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March 22, 2013 | News | MS ResearchMS Treatments

AAN REPORT 3: New information from MS treatment trials

American Academy of Neurology highlights

MS drug trials were the day’s main highlights at the American Academy of Neurology’s annual meeting. Here is a summary of the treatment studies.

  • CombiRx study comparing Avonex or Copaxone versus the combination of Avonex + Copaxone (Lublin and colleagues. AAN 2013; abstract P04.121).  After an average of 4 years on treatment, about 30% of people showed disability progression (defined as a 1-point increase or more in their EDSS score). About the same number showed improvement in disability (defined as a 1-point decrease in EDSS score). There was no advantage in taking both drugs compared to either Avonex or Copaxone on its own.


  • GALA study of twice the usual dose of Copaxone (40 mg) taken three times a week instead of daily (Rieckmann and colleagues. AAN 2013; abstract P07.090). This schedule did reduce disease activity compared with a placebo. However, only 23.3% were disease activity-free (no relapses, EDSS progression or MRI lesions) after one year on this regimen. In comparison, twice that number can be disease activity-free with Tysabri or Gilenya.


  • Gilenya studies focused on the effect of the drug on progression of disability in MS. An analysis of people in two of the phase III studies (called FREEDOMS and TRANSFORMS) found that their risk of disability progression was over 50% lower with oral Gilenya compared to placebo (Bergvall and colleagues. AAN 2013; abstracts P04.128 and P07.108). An interesting finding was that with Gilenya, disability was twice as likely to improve over the course of a year. A separate analysis of three phase III trials (including FREEDOMS II) showed that the rate of brain shrinkage (or atrophy) was reduced by about one-third in people on Gilenya compared to those on placebo or Avonex (Cohen and colleagues. AAN 2013; abstract S51.006).


  • TOWER study of oral Aubagio (teriflunomide) (Miller and colleagues. AAN 2013; abstract S01.004; Moses and colleagues. AAN 2013; abstract S41.006). This study showed that the higher dose of Aubagio reduced relapse rates by 36% and disability progression by 31%. Relapses were reduced by 22% with the lower dose and there was no significant effect on disability. The most common side effects with teriflunomide were headache, abnormal liver function tests, thinning hair, diarrhea and nausea. An analysis of different subgroups found that the impact of the higher dose of Aubagio on progression was more pronounced in people with initially more active disease.


  • DEFINE and CONFIRM studies of BG-12. Three reports looked at the combined results of the two phase III trials that examined two dosing schedules (twice or three times a day) of oral BG-12. Overall, BG-12 reduced relapse rates by about 50% compared to placebo. The drug’s effectiveness was slightly less (41-47% reduction in relapses) in the subgroup of people with more relapses when they started treatment (Bar-Or and colleagues. AAN 2013; abstract P07.095). The relapse rate reduction was 27-44% in people from North America. The impact of therapy was greater in people from Eastern Europe, which was probably due to the fact that a majority of Eastern Europeans had never received an MS medication before (Kita and colleagues. AAN 2013; abstract P07.091).  Overall, 26-28% of people treated with BG-12 were free of disease activity (no relapses, EDSS progression or MRI lesions) compared to 15% in the placebo group (Havrdova and colleagues. AAN 2013; abstract P07.106).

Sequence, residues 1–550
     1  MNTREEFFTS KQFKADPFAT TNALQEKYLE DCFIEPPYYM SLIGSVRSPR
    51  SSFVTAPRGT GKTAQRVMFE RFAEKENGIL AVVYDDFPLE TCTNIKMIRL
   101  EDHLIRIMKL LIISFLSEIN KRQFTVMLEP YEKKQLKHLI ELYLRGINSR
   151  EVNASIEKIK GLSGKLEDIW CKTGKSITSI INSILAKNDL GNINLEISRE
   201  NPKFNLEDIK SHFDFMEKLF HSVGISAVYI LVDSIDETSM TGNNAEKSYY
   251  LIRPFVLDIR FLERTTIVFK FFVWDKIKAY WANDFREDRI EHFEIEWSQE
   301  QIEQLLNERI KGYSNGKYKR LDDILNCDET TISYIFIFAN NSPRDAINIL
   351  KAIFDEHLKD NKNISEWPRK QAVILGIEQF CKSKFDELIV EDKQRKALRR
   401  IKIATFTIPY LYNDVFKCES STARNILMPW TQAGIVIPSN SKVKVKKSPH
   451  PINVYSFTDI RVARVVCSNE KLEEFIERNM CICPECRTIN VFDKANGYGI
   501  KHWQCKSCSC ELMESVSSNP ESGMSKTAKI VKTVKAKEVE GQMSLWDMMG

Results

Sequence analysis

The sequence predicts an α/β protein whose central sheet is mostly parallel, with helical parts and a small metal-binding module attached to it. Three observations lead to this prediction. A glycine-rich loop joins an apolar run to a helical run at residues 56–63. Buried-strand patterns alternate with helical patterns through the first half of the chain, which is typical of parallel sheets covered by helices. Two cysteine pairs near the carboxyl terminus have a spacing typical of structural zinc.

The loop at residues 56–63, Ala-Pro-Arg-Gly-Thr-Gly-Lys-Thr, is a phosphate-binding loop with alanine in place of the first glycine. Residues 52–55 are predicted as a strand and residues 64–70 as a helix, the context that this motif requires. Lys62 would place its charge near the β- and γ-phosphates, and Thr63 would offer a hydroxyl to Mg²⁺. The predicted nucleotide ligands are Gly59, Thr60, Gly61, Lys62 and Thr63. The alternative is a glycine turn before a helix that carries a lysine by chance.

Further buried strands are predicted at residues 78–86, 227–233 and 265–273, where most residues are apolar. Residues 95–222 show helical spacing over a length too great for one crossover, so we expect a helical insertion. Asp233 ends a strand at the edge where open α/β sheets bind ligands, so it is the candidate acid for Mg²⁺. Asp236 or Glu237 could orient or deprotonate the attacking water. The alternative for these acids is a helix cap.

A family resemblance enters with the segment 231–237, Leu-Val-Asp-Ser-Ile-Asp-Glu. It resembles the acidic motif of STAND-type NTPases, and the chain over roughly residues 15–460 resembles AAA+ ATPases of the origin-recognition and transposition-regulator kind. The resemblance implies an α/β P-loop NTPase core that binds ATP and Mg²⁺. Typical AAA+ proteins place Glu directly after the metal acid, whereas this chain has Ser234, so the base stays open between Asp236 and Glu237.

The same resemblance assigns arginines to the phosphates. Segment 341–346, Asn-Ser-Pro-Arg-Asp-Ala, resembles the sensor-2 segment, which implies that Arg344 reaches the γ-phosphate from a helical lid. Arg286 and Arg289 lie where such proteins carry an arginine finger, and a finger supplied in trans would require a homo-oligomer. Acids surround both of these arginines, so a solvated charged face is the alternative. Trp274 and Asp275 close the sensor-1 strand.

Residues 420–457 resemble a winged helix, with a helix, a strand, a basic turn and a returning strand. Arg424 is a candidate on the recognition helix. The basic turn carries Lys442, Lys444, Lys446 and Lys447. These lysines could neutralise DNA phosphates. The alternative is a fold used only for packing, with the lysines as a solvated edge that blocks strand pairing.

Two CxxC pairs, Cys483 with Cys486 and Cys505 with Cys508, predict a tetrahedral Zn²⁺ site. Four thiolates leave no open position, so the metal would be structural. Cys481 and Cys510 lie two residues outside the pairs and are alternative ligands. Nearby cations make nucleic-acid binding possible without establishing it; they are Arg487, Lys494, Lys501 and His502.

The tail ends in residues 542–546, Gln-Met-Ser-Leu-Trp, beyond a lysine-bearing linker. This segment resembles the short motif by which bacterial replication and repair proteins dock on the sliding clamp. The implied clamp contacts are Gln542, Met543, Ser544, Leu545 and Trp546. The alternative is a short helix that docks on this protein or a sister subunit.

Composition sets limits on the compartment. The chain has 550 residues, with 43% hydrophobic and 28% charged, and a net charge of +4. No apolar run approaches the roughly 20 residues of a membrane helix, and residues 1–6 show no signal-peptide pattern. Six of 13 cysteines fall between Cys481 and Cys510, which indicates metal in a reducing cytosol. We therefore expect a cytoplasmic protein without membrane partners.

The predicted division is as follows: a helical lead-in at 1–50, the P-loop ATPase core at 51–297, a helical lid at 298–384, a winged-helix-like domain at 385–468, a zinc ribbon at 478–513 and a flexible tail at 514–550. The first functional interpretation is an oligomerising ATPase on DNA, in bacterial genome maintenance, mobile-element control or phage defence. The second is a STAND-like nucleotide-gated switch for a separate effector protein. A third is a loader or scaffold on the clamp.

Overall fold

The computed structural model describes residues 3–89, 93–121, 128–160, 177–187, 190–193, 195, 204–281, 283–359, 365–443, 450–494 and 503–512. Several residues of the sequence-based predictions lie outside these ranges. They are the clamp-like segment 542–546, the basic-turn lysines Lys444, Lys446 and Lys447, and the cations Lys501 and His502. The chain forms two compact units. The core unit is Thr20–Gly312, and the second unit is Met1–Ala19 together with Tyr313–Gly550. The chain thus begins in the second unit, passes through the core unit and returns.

• ALLEGRO trial of oral laquinimod (Comi and colleagues. AAN 2013; abstract S41.004). Following the initial two-year study, participants could enroll in an ongoing extension of the study during which everyone (including the placebo group) would receive laquinimod. One year into the extension, people taking laquinimod for a longer period appear to have a lower risk of disability progression, underscoring the importance of starting treatment as early as possible.


  • CARE MS-II trial of alemtuzumab versus Rebif in people who didn’t respond adequately to a prior MS treatment (Twyman and colleagues. AAN 2013; abstract P07.098).  In the initial study, the infusion drug alemtuzumab reduced the relapse rate by 49% compared to what was seen with Rebif. This effect was evident in the first year of starting alemtuzumab. The drug was also effective in people with severe relapses. At one year, 44% of people taking alemtuzumab were disease activity-free (no relapses, EDSS progression or MRI lesions) compared to 27% in the Rebif group (Hartung et al. AAN 2013; abstract P07.093). After two years, the proportion who were disease activity-free was 32% with alemtuzumab and about 14% with Rebif.


  • SELECT study of daclizumab. The SELECT study compared two doses of the infusion drug daclizumab given once a month to a placebo. Daclizumab, a new drug in development, was effective in people with highly active MS as well as in the overall study population, producing a 50% reduction in the relapse rate in both groups (Mehta and colleagues. AAN 2013; abstract P07.113). Daclizumab was also effective in reducing the number of new MRI lesions and appeared to make lesions less damaging to the brain (Radue and colleagues. AAN 2013; abstract P07.094). After one year of treatment, 39% of people were disease activity-free (no relapses, no EDSS progression, no MRI lesions) with daclizumab compared to 11% on placebo (Havrdova and colleagues. AAN 2013; abstract P07.105).

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